© 2024 Western New York Public Broadcasting Association

140 Lower Terrace
Buffalo, NY 14202

Mailing Address:
Horizons Plaza P.O. Box 1263
Buffalo, NY 14240-1263

Buffalo Toronto Public Media | Phone 716-845-7000
WBFO Newsroom | Phone: 716-845-7040
Your NPR Station
Play Live Radio
Next Up:
0:00 0:00
Available On Air Stations

Bethany & Rufus Define Their Own American Music

Bethany & Rufus play their own style of traditional American tunes on the new recording 900 Miles, which comes out Tuesday. The duo of Bethany & Rufus features Bethany Yarrow singing and Rufus Cappadocia playing cello.

Yarrow grew up surrounded by folk music. Her father, Peter Yarrow, was in the group Peter, Paul and Mary. But Bethany Yarrow wasn't always interested in pursuing traditional music. She started out writing rock songs and hanging out in New York clubs like Danceteria and CBGB.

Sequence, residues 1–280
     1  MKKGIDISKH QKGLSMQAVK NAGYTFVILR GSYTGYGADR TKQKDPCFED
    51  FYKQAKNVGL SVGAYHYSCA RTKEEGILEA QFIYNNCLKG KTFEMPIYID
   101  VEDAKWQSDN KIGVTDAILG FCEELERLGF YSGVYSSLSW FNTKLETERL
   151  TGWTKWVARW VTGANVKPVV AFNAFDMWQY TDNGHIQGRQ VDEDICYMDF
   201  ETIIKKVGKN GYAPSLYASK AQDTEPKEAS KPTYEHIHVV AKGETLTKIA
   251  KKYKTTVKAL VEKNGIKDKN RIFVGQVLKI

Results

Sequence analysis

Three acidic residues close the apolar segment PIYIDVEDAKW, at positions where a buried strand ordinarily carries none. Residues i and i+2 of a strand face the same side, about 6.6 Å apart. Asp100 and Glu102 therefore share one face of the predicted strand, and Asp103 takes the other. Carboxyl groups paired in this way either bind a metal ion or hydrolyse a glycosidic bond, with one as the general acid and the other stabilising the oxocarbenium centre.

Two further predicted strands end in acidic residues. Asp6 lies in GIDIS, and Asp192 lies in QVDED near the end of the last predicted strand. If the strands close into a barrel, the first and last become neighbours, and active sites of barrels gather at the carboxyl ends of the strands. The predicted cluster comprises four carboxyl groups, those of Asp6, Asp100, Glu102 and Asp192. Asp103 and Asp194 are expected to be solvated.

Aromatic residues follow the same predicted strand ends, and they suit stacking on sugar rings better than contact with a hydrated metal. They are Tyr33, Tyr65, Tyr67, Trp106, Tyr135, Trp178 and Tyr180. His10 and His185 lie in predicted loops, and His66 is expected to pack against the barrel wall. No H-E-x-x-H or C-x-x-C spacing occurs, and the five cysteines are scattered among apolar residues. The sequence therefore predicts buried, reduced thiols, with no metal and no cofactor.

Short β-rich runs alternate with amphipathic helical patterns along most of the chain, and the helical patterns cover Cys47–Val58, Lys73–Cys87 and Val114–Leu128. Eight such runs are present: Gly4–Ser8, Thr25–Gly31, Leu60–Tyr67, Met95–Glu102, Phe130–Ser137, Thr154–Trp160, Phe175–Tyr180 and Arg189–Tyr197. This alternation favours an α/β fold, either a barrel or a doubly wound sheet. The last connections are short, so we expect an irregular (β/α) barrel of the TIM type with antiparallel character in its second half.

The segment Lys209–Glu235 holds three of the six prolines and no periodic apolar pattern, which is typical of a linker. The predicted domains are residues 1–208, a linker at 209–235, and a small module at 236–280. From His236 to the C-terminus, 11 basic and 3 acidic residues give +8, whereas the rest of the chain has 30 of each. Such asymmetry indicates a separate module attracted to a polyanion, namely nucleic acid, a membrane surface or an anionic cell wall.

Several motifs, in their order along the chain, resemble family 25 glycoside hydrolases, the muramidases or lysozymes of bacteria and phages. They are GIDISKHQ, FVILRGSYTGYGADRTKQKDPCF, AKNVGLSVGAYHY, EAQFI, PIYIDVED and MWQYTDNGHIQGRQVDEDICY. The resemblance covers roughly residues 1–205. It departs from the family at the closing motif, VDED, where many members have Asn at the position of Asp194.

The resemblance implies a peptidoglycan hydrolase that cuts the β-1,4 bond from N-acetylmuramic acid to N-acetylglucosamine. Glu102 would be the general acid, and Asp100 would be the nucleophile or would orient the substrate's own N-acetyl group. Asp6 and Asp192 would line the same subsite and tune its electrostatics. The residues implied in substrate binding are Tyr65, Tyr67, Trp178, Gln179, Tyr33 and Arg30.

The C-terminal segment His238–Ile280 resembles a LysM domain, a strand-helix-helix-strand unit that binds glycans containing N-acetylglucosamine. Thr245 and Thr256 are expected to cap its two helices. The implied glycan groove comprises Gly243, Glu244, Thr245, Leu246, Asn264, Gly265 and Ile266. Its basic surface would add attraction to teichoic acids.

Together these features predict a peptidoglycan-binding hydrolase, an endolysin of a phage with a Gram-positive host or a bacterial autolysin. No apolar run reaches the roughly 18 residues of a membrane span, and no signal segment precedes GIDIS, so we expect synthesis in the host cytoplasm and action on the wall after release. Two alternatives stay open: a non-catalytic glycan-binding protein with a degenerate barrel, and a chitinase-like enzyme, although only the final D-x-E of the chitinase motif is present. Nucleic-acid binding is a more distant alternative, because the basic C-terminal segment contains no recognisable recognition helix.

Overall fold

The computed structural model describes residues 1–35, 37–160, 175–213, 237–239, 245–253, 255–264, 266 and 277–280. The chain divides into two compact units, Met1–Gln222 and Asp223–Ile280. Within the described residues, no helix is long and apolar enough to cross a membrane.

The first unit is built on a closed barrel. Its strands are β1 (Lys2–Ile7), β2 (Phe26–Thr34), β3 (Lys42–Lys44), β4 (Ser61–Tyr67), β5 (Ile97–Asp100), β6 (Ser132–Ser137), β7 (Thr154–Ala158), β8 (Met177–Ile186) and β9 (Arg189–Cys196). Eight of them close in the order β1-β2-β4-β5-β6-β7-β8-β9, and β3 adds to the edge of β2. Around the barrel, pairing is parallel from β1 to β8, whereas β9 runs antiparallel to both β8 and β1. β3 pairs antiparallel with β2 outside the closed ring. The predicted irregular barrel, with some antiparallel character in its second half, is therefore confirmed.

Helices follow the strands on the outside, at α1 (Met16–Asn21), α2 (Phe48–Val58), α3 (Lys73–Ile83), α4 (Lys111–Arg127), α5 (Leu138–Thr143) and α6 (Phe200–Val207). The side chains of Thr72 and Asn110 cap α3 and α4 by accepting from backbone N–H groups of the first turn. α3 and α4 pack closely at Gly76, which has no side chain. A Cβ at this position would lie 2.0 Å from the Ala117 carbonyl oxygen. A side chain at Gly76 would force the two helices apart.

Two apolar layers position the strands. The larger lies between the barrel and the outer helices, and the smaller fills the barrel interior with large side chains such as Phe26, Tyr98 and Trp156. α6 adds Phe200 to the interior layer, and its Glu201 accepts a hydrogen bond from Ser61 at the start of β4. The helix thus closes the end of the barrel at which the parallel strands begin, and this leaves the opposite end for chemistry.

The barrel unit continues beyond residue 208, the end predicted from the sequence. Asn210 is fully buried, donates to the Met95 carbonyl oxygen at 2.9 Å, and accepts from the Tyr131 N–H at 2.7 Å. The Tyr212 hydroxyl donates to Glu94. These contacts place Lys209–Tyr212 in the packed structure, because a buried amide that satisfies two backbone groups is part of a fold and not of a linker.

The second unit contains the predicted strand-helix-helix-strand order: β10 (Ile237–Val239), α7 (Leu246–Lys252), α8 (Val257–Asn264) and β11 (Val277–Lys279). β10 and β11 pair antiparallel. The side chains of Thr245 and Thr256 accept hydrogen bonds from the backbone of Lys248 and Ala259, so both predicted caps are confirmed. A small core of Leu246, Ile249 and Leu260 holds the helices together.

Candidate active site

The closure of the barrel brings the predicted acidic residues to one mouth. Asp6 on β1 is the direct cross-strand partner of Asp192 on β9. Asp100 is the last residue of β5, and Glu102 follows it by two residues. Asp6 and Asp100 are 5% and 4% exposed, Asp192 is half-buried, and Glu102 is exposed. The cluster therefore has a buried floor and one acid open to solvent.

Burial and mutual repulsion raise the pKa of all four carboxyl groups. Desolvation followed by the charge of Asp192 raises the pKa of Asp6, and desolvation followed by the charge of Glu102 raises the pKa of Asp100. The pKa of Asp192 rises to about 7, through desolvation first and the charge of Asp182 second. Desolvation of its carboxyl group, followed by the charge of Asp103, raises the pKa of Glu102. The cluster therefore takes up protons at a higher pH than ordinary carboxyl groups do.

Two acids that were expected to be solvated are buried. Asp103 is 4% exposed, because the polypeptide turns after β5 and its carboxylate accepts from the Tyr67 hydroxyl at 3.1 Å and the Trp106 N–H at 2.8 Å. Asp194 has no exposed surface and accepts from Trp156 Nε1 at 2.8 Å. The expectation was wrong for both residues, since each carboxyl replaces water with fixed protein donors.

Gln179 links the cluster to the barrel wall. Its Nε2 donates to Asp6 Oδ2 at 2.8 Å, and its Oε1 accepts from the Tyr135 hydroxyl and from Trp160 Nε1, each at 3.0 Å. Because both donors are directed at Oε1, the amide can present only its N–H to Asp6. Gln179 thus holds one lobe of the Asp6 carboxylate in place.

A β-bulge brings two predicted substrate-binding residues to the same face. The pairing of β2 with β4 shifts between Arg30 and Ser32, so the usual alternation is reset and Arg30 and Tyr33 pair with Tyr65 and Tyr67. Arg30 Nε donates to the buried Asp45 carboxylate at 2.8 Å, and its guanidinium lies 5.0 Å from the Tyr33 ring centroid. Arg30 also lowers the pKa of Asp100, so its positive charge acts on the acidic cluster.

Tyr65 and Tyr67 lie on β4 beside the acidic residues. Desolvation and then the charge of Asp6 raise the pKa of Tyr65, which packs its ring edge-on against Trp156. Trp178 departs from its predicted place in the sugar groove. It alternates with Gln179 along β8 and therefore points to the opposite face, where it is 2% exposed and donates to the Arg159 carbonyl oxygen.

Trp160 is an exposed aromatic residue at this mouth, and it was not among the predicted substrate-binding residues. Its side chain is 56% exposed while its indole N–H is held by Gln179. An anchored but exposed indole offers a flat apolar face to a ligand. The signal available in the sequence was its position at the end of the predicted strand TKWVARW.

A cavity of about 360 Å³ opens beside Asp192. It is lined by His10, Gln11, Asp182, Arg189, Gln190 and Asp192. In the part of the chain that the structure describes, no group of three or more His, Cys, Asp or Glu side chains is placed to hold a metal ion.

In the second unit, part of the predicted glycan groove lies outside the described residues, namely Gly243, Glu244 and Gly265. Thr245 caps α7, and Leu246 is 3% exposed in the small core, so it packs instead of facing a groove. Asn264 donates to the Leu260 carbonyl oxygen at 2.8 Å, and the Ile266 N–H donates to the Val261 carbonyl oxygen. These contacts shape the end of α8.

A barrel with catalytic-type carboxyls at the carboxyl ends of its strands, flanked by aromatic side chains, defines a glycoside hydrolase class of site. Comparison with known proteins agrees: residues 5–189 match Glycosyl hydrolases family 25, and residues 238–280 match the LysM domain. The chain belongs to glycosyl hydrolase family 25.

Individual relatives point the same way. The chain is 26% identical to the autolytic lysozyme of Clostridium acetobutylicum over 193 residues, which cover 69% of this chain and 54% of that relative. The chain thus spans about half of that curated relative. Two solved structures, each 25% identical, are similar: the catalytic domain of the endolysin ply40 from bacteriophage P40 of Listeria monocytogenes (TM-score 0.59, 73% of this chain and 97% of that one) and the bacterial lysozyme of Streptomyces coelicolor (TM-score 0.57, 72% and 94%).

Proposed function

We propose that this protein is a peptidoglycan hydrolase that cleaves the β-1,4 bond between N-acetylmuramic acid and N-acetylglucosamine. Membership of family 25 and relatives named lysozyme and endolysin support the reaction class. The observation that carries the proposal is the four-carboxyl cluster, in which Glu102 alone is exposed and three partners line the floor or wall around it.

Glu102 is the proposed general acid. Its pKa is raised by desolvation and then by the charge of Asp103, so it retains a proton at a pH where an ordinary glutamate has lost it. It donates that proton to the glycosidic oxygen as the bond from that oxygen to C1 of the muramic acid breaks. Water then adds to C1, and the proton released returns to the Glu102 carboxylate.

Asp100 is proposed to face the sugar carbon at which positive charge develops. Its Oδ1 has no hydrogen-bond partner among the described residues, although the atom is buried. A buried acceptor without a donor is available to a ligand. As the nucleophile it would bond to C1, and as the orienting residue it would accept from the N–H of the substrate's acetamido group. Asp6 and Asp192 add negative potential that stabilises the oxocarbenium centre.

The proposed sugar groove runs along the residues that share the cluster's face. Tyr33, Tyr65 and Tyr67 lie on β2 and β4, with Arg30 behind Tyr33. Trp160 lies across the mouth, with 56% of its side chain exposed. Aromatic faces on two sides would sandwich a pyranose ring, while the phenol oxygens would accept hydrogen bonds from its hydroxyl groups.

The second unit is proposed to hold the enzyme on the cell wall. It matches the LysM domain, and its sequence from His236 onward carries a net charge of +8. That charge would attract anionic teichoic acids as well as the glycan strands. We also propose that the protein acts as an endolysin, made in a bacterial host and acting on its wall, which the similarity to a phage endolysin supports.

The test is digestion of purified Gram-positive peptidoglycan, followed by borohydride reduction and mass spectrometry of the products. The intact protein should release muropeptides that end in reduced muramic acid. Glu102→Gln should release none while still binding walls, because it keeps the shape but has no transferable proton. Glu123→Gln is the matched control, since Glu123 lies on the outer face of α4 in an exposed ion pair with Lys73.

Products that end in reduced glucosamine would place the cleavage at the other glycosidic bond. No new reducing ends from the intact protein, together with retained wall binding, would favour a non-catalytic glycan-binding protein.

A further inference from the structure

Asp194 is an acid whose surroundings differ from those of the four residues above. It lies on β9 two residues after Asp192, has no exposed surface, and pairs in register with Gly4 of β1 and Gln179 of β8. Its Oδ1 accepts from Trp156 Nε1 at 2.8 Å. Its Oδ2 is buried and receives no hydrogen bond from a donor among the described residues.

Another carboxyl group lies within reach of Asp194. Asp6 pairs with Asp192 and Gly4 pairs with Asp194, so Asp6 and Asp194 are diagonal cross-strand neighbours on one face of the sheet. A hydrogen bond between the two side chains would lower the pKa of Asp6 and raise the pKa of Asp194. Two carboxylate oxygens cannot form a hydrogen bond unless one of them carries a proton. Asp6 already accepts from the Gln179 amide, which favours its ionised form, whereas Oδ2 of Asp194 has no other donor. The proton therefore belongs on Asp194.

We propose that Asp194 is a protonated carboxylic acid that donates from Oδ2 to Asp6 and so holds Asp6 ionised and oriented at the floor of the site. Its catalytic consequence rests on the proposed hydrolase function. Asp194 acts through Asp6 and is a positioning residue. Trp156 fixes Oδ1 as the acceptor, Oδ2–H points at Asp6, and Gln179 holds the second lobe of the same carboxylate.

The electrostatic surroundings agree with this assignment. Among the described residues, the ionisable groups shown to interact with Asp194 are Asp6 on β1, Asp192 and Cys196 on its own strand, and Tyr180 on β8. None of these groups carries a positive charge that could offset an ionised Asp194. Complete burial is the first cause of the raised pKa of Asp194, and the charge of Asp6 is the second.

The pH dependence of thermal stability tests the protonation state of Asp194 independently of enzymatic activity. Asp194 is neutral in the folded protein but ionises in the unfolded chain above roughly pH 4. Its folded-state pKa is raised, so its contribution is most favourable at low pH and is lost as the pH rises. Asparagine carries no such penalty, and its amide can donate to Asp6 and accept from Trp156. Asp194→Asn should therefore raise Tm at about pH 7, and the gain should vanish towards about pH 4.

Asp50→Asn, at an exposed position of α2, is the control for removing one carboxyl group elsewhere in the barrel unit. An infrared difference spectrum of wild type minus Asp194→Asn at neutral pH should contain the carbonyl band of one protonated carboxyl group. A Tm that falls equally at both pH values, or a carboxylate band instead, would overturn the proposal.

Yarrow eventually realized that she had broader musical interests. She met Cappadocia in at a New York show in 1999 and started trading musical ideas with the inventive cellist.

That friendship led to 900 Miles, a full collaboration between the two that reinterprets American folk songs with a sound that resembles jazz.

There is a dark sound to 900 Miles, with one critic calling the duo "a darker and grittier Tuck & Patti."

The recording follows a release by Yarrow in 2003 called Rock Island that included slave lullabies and prison songs, another avenue of traditional American music.

It's not surprising to find Yarrow playing music rooted in the American experience, and its many struggles. Beyond her father's devotion to folk music was his devotion to the political causes of the 1960s. Peter Yarrow involved his daughter Bethany in the events and campaigns that followed that tumultuous decade, a series of experiences that surface in her music today.

Copyright 2022 NPR. To see more, visit https://www.npr.org.